Only when the Catholic doctrine of the atonement is understood can we begin to address the meaning of purgatorial purification as “punishment” for which “satisfaction” must be made. One thing is very clear: these two words (“punishment” and “satisfaction”) are being used analogically in this context. The words came into the tradition through the ancient penitential system and its assignment of penances. They are an attempt to explain the ancient intuition of the Church that post-mortem purification is necessary for most of the redeemed–hence the moral and spiritual imperative to pray for the faithful departed.

In other words, the question isn’t what temporal punishments we have to make satisfaction for – it’s what is temporal punishment? Fr. Kimel states that temporal punishment can be understood as “existential consequences of our sins,” and I believe that this is the phrase that throws UpstateLuthern (and me, to some degree) off Fr. Kimel’s message.

I think that Fr. Kimel’s meaning of “existential consequences” should be taken to be only those natural consequences arising from our sins. In other words, those things that happen as a result of our sins. Fr. Kimel states that these consequences “are not external acts of divine vengeance.” And here, I think is the key dispute. Fr. Kimel, of course, is exactly right and he’s following the Catechism in stating that the temporal punishments should not be understood as ‘divine vengeance’. But UpstateLutheran states:

Unfortunately, this seems to contradict Trent Session 14, section 8

So, what does Trent say about this issue? Before I get there, let me dwell a bit on what Fr. Kimel states so plainly: the words satisfaction and punishment are deeply rooted in the ancient penitential practices of the Church. This practice is well attested in Church history and the Fathers of the Church, and I won’t linger on it at this point – though I’m more than willing to come back to the topic later. I wanted to reiterate Fr. Kimel’s point in order to put Trent in perspective. The act of penance after confession of sin was and is considered a healing remedy. It is also directly related, in the mind of the Church, to the power of the Church to bind and loose sins. And, taken as a whole, the penitential system should be seen as one more way God chastises those whom he loves.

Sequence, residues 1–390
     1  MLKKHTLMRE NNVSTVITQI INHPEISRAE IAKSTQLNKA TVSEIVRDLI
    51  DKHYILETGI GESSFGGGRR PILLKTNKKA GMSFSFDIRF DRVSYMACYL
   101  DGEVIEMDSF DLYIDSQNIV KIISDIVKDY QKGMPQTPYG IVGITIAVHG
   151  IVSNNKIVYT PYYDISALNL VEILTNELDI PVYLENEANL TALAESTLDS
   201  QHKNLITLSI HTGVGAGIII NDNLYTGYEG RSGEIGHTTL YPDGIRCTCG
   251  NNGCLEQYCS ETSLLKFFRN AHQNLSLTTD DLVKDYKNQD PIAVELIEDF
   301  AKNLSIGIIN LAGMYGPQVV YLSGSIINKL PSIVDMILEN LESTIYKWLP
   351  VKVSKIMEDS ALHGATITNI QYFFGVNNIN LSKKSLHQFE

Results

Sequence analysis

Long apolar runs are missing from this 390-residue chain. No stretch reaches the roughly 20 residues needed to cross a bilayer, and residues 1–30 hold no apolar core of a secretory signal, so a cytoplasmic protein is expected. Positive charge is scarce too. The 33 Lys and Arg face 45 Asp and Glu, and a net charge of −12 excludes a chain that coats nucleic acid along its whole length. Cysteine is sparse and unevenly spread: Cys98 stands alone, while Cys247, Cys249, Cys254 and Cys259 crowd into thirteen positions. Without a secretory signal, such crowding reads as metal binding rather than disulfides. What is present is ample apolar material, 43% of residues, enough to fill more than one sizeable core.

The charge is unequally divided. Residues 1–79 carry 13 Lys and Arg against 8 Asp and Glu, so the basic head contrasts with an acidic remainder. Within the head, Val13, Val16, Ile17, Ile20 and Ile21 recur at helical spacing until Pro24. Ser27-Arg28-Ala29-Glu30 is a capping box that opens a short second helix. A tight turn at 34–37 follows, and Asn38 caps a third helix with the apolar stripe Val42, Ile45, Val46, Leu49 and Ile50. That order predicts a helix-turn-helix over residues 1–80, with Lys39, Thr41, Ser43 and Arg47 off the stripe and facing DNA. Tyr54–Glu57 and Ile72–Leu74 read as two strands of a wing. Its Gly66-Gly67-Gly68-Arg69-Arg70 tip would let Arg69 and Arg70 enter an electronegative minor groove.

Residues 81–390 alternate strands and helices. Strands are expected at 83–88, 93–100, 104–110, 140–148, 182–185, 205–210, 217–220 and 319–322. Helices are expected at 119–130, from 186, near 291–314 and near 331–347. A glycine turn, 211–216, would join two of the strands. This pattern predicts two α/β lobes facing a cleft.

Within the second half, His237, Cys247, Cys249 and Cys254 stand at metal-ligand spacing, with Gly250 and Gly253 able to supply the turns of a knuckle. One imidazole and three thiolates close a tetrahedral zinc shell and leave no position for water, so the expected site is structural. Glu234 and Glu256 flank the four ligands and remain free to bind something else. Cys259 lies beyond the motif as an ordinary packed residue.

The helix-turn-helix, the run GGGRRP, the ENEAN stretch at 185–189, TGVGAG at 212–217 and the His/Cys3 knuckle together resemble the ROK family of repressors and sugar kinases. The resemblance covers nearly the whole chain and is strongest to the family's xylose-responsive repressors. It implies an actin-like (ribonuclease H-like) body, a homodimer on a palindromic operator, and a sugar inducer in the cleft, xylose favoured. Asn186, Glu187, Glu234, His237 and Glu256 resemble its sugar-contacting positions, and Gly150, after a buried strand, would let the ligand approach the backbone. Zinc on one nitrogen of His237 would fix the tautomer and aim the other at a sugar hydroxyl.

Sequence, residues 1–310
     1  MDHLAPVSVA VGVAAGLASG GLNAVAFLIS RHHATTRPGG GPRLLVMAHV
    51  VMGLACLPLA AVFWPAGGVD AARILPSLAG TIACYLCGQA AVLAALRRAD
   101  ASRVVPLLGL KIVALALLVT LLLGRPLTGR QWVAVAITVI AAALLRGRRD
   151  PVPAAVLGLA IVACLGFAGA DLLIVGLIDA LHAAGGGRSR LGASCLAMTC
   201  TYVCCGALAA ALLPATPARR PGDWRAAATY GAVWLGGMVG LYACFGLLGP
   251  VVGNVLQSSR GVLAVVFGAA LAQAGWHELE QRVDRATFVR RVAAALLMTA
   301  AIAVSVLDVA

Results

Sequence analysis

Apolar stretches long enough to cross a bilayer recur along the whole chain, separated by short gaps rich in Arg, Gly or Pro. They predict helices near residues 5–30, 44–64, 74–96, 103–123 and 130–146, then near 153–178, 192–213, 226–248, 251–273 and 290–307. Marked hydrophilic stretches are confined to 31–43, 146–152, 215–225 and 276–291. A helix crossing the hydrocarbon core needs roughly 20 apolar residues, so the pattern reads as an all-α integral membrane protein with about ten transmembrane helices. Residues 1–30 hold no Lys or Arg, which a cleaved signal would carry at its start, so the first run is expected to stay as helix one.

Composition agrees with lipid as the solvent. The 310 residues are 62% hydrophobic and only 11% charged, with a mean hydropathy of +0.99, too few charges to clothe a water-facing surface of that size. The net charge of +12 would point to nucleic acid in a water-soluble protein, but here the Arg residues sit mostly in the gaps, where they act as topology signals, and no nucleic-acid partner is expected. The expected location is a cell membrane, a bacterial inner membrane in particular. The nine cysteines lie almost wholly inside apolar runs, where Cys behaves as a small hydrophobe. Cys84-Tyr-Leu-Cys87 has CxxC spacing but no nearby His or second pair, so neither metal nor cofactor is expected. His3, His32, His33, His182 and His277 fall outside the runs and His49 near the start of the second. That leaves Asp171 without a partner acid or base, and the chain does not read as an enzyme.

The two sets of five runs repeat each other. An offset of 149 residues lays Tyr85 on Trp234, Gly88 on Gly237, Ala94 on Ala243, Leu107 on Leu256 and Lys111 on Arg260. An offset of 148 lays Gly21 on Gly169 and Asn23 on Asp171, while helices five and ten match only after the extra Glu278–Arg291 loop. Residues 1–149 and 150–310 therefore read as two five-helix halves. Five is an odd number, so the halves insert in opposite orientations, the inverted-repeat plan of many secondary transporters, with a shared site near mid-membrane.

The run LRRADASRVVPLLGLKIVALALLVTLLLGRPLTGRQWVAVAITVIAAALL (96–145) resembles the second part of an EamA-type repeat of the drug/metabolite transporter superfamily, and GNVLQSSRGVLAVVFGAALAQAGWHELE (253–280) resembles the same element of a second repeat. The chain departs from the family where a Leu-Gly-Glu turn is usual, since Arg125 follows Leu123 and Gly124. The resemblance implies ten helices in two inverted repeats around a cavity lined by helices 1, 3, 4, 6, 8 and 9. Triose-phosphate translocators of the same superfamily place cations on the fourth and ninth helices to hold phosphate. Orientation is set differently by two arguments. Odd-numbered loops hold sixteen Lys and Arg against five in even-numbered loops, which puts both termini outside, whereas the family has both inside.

Trent states:

And it beseems the divine clemency, that sins be not in such wise pardoned us without any satisfaction, as that, taking occasion therefrom, thinking sins less grievous, we, offering as it were an insult and an outrage to the Holy Ghost, should fall into more grievous sins, treasuring up wrath against the Jay of wrath. For, doubtless, these satisfactory punishments {penances} greatly recall from sin, and check as it were with a bridle, and make penitents more cautious and watchful for the future; they are also remedies for the remains of sin, and, by acts of the opposite virtues, they remove the habits acquired by evil living.

We see in this passage the understanding of ‘punishments’ being the actual penances given to those who have sinned after baptism. Notice their purpose: to make straight the crooked, to correct the uncorrected. This is a perfect example of the chastising of God’s beloved. Now UpstateLuthern bolded the first portion of that passage. If I had my druthers, I’d emphasize the last portion. I’ll just leave it be for now.

But Upstate says:

Now, at first I thought “Hey!, they are saying that God forgives the sin and the punishment! Well, that is not so bad.” But then I re-read the passage and realized it says just the opposite, it does not say God forgives our sins and our punishment, it says that unless we make satisfaction, i.e. are punished, our sins are not forgiven.

In this particular instance yes. It is the clear teaching of the Church, both in Trent and in the new Catechism, that ‘satisfaction’ (penance) must accompany the penitent’s confession. In fact, the Catechism quotes from Trent quite liberally in the paragraphs concerning satisfaction and temporal punishment. The emphasis, in the above quote, should not be the necessity of satisfaction, but of the purpose of satisfaction – to purge us, God’s branches.